Not far removed from Bioshock Infinite, a game that weaves an epic tale of redemption through a kaleidoscope of quantum physics and string theory, I sat to witness the first footage of LEGO Marvel Super Heroes.
It is a very different game.
LEGO games on the whole are simple, splendid and joyous. They’re games aimed at children with tight mechanics that don’t ask big questions and don’t have you scratching your head for hours after the credits have rolled. Are they any worse for this? Or course not. In fact after the twists and turns of Bioshock, the first gameplay demo of Marvel Super Heroes came as a welcome treat.
The game takes the core LEGO concept first made popular with LEGO Star Wars all the way back in 2005 and litters it with a new batch of pop culture icons. Leading on from Batman, Indiana Jones, Harry Potter and Lord of the Rings, the Marvel property never felt that far off.
On the surface it is a perfect combination. Marvel have enjoyed huge success on the big screen with franchises that know precisely what they are and are ready and willing to plant tongue firmly in cheek when required. TT’s LEGO video games have always been injected with a wonderful sense of humour, so it’s no surprise to learn that previous charms return in force in LEGO Marvel Super Heroes.
The story begins with the Silver Surfer crashing in New York City and his board breaking up into cosmic blocks that all the villains of the galaxy are after. The action starts outside New York’s Grand Central Station, which has been overrun by Sandman and Abomination who have taken Roxxon executives hostage. On their way to stop them, and the first heroes you’ll play as in the game, are Iron Man and Hulk.
Like all of the game’s heroes they each have their own abilities based on their comic book powers. Iron Man can fire pulses out of his hands and fly around the tight, enclosed levels. Hulk is different of course, but he’s also different to any LEGO game character before him. He’s a Big Fig.
Inspired by the real Hulk LEGO toy, which stands about twice the size of his LEGO buddies, Traveller’s Tales have brought Big Figs into their game. These larger characters play differently of course, and are able to better toy with the environment, lifting cars and breaking through barriers other heroes may not be able to.
We were only shown Hulk but were assured he wouldn’t be the only Big Fig. Of course it doesn’t take much to figure out who else might be involved, because nearly everyone in the Marvel Universe will be.
Earlier I called Marvel’s heroes the latest batch of pop culture icons to be included in the series. Well this is a bigger batch than ever, with roughly 100 characters playable in the game, including villains.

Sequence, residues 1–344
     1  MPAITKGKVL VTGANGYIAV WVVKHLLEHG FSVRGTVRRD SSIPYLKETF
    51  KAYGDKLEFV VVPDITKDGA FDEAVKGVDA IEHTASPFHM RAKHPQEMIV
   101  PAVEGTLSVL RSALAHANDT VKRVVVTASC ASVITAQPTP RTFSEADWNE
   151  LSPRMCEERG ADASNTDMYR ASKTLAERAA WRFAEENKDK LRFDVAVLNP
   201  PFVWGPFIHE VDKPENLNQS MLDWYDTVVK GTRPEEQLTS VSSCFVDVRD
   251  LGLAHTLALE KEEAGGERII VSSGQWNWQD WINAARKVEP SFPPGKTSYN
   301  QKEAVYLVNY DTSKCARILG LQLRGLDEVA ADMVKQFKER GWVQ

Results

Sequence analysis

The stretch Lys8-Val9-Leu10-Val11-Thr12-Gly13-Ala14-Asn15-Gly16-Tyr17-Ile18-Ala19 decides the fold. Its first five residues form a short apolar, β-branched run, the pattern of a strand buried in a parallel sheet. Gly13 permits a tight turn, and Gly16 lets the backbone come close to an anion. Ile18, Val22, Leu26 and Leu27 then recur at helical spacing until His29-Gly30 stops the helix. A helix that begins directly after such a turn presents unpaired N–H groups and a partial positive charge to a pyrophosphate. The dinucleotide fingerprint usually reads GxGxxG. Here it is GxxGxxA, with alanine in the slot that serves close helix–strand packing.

Warner Bros. have kept quiet regarding most of their playable characters, limiting their announced heroes to the Avengers crew, Spider-Man, Deadpool and Wolverine, but with such a large number on offer it would be far more difficult to guess who won’t be in the game.
As Iron Man and Hulk battled their way down the same stretch of highway that staged the climactic battle of Joss Whedon’s Avengers film, we eventually came to our first boss encounter. Hulk versus Abomination was a short and sweet QTE that saw Hulk beat his adversary with his own fists. It was good to see that the humour is back even when the characters aren’t speaking.
Speaking LEGO hasn’t sat quite right with a lot of older players since it was brought into the series with the second LEGO Batman title. They talk more than ever before here, however, with each hero now free to spurt out one-liners during the gameplay. To aid Traveller’s Tales with the dialogue Marvel comics writer Mark Hoffmeier, who gives each of the characters the kind of fun dialogue you would expect.
Before long, shell-head and the Hulk are joined by Spider-Man who, free of the constraints of film rights, can interact with the Avengers characters. For a lot of the generation this game is aimed at it’ll be the first time they actually see these characters fight alongside one another.
It goes to show the freedom that TT have with LEGO Marvel Super Heroes to do pretty much as they please. In video game form LEGO may not have the freedom of the beloved brick-based toy sets, but the developers certainly do have that same freedom, and it allows the games to be as fun as they are.
Our three heroes are now pitted against the Sandman, who has become a huge sand figure and who the characters must work together to bring down. It’s basic stuff of course, but each of the little puzzles that need solving involves the switching of characters. Spidey uses his spider-sense to find a wall to crawl or somewhere to leave a rope of web for the Hulk (having transformed back into Bruce Banner) to climb up so he can assemble a water pump that brings down Sandman. Then it’s the turn of the Hulk to smash the weakened villain.
Perhaps the most interesting aspect of the game revealed to us was the hub world. Similar to the Gotham City hub in LEGO Batman 2, this game’s hub will allow our heroes to fly, swing or bound their way around a LEGO-fied version of New York. There will be landmarks to find, including a LEGO statue of Liberty and a number of areas where you’ll be able to take characters to locations many may never have seen them, separate from the main story arc.
It’s the playground elements like this that make the games so appealing and as long as they have been producing them there have been small changes for the better. LEGO Marvel Super Heroes appears to be more of the same, but its target audience won’t care because, no matter how many LEGO games they have played, they’ll still be having fun.
LEGO Marvel Super Heroes will be released later this year for pretty much every format you can imagine apart from PS4, which may yet be announced.